Which legal structure is best for my business? There is no “one size fits all” answer. The business entity you choose depends on your specific circumstances, business needs, and goals.
Choose C Corporation
C corporation would be the best legal structure for your business if:
- You are looking for equity financing and investors
- You need to carry significant profit
- You have more than 100 shareholders
- Any of your corporation shareholders are non-U.S. citizens/residents
Choose S Corporation
S corporation would be the best legal structure for your business if:
- You are looking for equity financing and investors
- You need to carry significant profit
- You want to avoid double taxation
LLC would be the best legal structure for your business if:
- You want tax flexibility and to avoid double taxation
- You want to avoid paperwork and corporate formalities
- You want to avoid membership restriction
- You want liberty in LLC management
- You are a resident of a state where LLP formation is restricted to licensed professionals
LLP would be the best entity for your business if:
- You want to avoid compliance requirements (annual reports and fees)
FAQs on S Corp vs. C Corp vs. LLC vs. LLP
What is the difference between an LLC and an S Corp?
There are many different types of business entities, but not all have the same benefits. LLC and S corp have pas-through taxation, but there is some difference in both business structures. An LLC can be set up with one to unlimited members, whereas an S Corp can only have up to 100 members.
Moreover, S corp shareholders must be U.S. residents/citizens, whereas there are no such restrictions on LLCs. Learn the detailed difference between LLC and S corporation in this article.
How would you explain LLC vs S Corp for dummies?
S Corp is a subtype of a corporation that allows you to enjoy the status of a corporation and the liberty of raising capital through stocks. At the same time, S Corporation does not have to face double taxation as C Corp does. Instead, an S Corp elects to be taxed as a pass-through entity.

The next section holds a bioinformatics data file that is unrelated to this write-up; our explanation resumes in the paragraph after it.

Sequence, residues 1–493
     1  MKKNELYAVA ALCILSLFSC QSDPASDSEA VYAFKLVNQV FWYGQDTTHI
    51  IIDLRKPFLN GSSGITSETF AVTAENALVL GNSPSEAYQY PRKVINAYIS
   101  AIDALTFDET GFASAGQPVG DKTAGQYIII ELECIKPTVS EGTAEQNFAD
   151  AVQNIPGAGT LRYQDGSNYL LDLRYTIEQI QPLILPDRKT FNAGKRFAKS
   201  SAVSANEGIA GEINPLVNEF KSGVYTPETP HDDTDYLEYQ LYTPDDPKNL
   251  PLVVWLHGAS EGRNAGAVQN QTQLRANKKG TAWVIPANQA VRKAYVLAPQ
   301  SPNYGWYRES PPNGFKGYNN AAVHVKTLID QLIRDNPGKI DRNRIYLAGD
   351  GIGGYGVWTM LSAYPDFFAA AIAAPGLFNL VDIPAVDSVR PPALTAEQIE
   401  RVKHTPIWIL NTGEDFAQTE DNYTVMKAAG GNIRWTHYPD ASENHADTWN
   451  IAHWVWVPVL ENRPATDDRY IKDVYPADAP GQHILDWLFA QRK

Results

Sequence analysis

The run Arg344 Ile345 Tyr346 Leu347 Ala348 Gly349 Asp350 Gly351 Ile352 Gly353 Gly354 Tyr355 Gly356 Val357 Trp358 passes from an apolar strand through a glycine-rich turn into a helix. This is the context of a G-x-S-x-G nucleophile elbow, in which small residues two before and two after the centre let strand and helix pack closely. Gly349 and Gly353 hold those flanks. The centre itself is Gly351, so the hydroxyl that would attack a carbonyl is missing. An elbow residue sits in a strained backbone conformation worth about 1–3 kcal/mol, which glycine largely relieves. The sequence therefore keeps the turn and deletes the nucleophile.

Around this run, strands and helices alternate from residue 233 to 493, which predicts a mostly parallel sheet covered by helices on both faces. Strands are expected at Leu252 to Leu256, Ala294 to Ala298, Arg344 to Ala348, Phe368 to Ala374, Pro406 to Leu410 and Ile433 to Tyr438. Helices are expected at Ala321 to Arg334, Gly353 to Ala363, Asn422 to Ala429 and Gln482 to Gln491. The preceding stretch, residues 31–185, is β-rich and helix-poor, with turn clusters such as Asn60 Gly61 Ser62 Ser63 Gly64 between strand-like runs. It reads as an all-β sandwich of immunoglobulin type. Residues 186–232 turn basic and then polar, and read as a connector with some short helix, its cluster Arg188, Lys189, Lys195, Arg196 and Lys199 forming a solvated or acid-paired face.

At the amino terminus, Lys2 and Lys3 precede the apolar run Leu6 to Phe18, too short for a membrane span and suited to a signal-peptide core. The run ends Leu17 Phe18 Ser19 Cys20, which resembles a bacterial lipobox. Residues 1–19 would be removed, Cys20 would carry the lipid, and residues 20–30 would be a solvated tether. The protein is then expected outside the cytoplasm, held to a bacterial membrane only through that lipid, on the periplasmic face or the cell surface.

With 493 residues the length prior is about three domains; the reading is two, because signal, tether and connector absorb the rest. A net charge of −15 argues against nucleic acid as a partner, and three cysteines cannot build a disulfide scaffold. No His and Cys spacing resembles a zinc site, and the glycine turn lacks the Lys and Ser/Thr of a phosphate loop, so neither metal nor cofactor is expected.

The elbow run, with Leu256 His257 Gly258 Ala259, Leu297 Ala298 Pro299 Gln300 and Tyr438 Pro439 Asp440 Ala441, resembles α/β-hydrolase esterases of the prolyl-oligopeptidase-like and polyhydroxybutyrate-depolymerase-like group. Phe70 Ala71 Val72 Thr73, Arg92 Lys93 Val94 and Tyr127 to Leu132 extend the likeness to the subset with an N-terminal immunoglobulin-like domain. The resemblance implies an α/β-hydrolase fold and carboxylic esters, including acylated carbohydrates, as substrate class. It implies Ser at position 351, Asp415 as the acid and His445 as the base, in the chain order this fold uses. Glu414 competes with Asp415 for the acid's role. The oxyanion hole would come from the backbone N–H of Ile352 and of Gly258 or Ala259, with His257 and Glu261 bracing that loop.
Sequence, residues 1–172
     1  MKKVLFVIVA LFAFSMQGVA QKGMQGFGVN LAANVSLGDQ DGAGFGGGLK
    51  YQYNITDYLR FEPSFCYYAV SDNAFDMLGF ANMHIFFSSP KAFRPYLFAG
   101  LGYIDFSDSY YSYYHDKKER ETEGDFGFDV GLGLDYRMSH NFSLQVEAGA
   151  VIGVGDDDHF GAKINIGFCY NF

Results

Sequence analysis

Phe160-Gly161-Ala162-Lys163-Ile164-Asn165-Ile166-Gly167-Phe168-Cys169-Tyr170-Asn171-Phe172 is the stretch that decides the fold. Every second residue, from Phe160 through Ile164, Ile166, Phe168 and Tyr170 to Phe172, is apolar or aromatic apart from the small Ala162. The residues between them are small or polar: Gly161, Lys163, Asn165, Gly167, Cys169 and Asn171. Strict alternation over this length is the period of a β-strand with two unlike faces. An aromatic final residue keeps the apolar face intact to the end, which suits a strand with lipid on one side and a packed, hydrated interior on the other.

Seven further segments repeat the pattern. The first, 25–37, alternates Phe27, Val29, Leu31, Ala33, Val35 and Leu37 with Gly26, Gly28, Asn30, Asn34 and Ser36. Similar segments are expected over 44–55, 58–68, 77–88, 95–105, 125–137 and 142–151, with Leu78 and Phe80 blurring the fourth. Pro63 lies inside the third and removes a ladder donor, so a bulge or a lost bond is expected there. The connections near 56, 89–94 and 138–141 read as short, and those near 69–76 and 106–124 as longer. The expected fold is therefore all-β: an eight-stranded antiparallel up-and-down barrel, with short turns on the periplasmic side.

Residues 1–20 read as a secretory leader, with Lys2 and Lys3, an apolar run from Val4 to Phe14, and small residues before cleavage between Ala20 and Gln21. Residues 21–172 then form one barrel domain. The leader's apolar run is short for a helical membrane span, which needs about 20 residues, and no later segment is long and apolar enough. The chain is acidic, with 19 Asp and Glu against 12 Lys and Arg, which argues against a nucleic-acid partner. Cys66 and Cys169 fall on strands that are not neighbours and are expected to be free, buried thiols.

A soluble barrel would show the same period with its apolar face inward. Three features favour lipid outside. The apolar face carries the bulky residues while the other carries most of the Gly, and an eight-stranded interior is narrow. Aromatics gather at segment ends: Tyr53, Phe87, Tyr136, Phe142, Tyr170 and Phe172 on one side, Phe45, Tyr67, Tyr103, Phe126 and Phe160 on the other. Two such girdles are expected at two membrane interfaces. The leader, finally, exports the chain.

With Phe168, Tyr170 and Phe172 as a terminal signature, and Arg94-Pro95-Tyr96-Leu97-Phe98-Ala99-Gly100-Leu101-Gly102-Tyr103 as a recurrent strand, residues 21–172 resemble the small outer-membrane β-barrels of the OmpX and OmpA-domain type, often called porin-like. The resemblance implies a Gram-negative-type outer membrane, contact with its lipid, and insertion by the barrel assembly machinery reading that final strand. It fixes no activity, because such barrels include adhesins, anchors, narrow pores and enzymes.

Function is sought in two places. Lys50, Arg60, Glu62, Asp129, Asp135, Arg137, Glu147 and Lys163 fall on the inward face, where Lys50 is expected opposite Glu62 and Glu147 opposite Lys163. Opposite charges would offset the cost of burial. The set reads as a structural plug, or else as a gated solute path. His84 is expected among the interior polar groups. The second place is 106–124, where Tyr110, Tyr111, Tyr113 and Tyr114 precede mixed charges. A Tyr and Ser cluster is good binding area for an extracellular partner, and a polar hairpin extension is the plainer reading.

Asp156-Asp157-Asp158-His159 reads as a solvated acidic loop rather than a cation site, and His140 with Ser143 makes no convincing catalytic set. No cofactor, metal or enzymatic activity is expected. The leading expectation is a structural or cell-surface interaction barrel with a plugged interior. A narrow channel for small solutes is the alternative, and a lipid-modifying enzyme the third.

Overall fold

On the other hand, several characteristics of a Limited Liability Company (LLC) make it a popular entity choice for small businesses. An LLC has the same liability protection as S Corp does and offers more tax flexibility. Moreover, unlike S Corp, an LLC puts no restrictions on the number of owners or the citizenship of company members. Here you can read the difference between LLC and S corporation in detail.
If you are considering converting your S Corp into LLC, here is the complete DIY guide.
What is the difference between C Corp and S Corp?
S Corp and C Corp are the subchapters of a Corporation. The major difference between S Corporation and C Corporation is that S Corp is a pass-through tax entity while C Corp is taxed 2 times, one on the corporate level and one on the individual level.
Moreover, S Corp has some restrictions on ownership and stock distribution whereas C Corp does not have such restrictions. Read this article to learn the difference between S Corp vs C Corp in detail.
What are the disadvantages of LLC taxed as S Corp?
There is no such thing as being taxed as an LLC for federal income tax purposes. Instead, an LLC elects to be taxed as a sole proprietorship, a C corporation, a partnership, or an S corporation (if it qualifies).
Choosing S Corp tax status is a favorable choice if the LLC involves in an active trade or the payroll taxes on the LLC owner/s is high. The disadvantage of LLC taxed as S Corp is that LLC must pay its members a reasonable salary.
The owner’s salary is deducted as a business expense payroll taxes are deducted from it. The LLC’s remaining profits are distributed as dividends.
Who pays more taxes, LLC or S Corp?
S corp tax status can result in tax savings over a sole-proprietorship (pass-through) tax status because S corporation owners are considered employees. So in S Corp, shareholders only pay FICA taxes on their “reasonable salary,”. There are no taxes on company’s distributions.
What is better for a small business LLC or corporation?
A Limited Liability Company (LLC) is a better choice for small business as it does not have to undergo double taxation like C corporation. Moreover, LLC does not have ownership restrictions or other strict criteria which S corporations faces.
Aisha Noreen is an owner of a small business with more than 9 years of experience in the marketing industry. With the wisdom of an old soul, she always seeks innovation and mind-blowing ROI techniques. Her unique approach helped many small businesses thrive and she can surprise you in many ways as well. Believe it or not, her energy, passion, and creativity are contagious enough to transform your business and take it to another level.